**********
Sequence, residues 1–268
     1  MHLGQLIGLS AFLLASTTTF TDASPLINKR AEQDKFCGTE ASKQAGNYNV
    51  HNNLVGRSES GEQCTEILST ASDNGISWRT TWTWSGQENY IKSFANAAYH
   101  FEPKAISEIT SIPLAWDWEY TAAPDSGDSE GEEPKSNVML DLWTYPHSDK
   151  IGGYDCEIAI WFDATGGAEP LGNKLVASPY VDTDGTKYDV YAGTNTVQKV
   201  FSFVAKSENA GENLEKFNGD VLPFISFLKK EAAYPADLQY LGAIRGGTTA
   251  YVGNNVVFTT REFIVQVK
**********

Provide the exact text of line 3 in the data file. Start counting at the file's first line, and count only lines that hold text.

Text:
    51  HNNLVGRSES GEQCTEILST ASDNGISWRT TWTWSGQENY IKSFANAAYH